The modern CFO

aksaroya —  12 November 2012 — Leave a comment

By Ada Leung, head of ACCA China

CFOs live in a middle ground that requires them to be well versed on micro issues while keeping a firm eye on the big picture.

tall building, modern CFO

It can be a difficult balancing act to work in partnership with the CEO to guide an enterprise forward all the while acting as an advisor to the board, said participants at a series of ACCA roundtables on The Value of the Modern CFO held in Beijing and Shanghai.

Not all accountants are CFOs and, practically speaking, not all CFOs are accountants but accounting credentials can help finance professionals grasp the fundamentals that are so important to the understanding of a business, panelists said. At the end of the day, the CFO is the link between business and an often complicated regulatory environment. This is particularly true in the evolving China market where laws are almost always in constant evolution, regulations not always clear and companies may have to successfully navigate gray areas. That means that local knowledge can be a plus.

CFOs should be able to communicate those on-the-ground financial realities to regional or global head offices who are less concerned about the regulatory hurdles that may impede the implementation of a particular strategy and more focused on how to navigate those challenges. Culture can also have a very real impact on job performance. Asia culture is to be humble, not to have confrontation or conflicts with others. But the CFO has to keep in mind that he works for multiple stakeholders, even if the idea of the “Lau Ban” or big boss that rules over an organisation remains very much in play particularly in the larger state-owned organisations in China.

The picture of the ideal CFO that emerged from the discussions sets the bar high, particularly for finance professionals looking to shift into business leadership roles, to change the “F” to an “E”. For these ambitious CFOs, the role is much more than just numbers. A truly effective CFO should also be a partner to the CEO and other business heads. They should be open minded and be willing to find ways to solve problems, rather than just throwing up the regulatory roadblocks they encounter.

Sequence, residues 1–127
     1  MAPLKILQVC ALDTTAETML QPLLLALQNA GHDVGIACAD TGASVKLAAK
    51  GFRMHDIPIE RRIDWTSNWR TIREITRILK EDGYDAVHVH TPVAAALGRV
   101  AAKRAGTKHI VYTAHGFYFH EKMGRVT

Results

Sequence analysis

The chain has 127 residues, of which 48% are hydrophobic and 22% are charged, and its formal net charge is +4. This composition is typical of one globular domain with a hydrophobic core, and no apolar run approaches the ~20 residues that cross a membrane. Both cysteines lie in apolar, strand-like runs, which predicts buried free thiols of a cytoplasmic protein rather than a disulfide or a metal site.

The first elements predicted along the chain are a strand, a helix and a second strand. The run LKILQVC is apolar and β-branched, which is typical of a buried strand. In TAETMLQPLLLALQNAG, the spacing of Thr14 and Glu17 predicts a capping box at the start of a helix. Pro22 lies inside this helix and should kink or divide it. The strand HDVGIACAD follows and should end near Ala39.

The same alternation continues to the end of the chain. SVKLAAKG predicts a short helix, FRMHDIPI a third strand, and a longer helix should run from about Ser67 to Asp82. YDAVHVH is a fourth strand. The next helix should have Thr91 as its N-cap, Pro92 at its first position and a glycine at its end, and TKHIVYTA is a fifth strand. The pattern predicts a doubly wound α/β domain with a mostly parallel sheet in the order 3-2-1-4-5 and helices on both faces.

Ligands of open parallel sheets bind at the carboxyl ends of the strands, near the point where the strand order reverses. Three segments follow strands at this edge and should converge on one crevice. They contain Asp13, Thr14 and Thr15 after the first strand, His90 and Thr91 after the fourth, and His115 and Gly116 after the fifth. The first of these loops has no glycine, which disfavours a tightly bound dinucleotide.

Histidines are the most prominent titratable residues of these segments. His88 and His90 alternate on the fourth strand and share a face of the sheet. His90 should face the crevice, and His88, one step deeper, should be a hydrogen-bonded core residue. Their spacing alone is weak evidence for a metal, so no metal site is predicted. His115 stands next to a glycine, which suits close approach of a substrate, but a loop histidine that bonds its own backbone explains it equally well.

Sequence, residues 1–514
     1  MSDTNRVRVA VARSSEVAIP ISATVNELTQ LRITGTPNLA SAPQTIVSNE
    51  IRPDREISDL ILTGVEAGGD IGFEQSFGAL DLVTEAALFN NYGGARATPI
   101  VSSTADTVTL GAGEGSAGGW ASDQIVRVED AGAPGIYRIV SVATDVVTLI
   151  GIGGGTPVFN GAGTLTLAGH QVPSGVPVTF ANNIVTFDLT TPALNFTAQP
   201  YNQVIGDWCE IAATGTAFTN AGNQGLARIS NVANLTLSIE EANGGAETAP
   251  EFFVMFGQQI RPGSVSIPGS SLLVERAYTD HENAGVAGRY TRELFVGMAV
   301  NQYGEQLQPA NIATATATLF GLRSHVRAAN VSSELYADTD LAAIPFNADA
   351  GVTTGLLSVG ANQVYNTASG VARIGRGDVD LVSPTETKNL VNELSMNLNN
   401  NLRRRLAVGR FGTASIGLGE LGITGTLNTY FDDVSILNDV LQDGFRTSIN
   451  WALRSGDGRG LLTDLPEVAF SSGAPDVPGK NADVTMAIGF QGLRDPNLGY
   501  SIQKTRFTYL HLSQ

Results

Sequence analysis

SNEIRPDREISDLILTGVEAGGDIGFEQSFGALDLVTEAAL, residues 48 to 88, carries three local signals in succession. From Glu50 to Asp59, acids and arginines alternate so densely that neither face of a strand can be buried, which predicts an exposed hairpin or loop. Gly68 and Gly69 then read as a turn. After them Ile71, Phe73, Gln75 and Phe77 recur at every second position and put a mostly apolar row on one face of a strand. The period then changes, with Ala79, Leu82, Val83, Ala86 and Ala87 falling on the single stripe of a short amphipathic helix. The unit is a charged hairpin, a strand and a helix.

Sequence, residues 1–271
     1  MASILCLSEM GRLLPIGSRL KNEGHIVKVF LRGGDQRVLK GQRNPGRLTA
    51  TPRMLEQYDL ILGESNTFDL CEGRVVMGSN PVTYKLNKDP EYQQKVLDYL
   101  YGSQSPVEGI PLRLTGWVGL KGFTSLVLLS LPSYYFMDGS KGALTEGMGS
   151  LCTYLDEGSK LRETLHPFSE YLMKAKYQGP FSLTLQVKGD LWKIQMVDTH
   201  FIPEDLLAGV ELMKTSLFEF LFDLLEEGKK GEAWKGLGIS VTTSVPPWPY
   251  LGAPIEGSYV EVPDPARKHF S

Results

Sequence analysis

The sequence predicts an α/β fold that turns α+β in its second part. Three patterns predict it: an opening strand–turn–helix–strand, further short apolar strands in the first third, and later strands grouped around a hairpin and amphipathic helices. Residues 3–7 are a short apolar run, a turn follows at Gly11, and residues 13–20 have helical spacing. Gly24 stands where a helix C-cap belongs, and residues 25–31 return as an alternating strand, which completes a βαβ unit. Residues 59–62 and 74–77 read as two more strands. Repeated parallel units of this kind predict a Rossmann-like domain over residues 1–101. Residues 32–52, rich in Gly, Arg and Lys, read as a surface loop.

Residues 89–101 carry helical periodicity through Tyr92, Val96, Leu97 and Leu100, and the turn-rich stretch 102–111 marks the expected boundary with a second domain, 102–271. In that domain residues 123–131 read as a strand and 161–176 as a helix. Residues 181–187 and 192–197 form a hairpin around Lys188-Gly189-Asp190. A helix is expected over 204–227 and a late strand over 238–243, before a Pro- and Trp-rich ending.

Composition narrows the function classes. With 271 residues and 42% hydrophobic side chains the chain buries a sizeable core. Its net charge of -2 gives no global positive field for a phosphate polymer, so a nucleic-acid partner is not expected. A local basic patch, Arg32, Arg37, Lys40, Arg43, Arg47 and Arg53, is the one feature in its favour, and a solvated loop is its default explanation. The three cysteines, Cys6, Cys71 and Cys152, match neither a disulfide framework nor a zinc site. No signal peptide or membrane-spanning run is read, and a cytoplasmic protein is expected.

For corporations, finding and nurturing this ideal CFO can be as challenging in China as anywhere else, even if the challenges are different. Although there are plenty of talented people, only a small portion have a significant amount of experience working for large or multinational corporations and fewer still have the type of built-in, wide-angle lens that companies need. At the same time, there is still a penchant for constant job hopping that makes retaining top talent difficult. The idea of building a career with a single multinational takes a back seat when a 40 percent salary jump is on offer.

The roundtables in China followed a similar exercise in Singapore in March, when ACCA brought together directors and company executives to get their perspectives on what makes a CFO valuable.

The views in China echoed, in large part, those that came forward in Singapore while taking into account the realities of the China market. Participants in Shanghai, Beijing and Singapore agreed that CFOs play an immensely valuable role in their organisations. Yet, the not-so-veiled consensus in both Beijing and Shanghai was that CFOs are often too focused on the finance and regulatory side of the business to be effective CEOs. There are many, many talented finance professionals who communicate effectively and keep and eye on the macro-picture, but this is not the natural state of most CFOs.

More work is needed to nurture talent and help finance professionals step away from their spreadsheets or legal manuals and take up leadership mantle more frequently and with more self-assuredness. Go to our website to watch interviews with the CFOs that took part in this panel.

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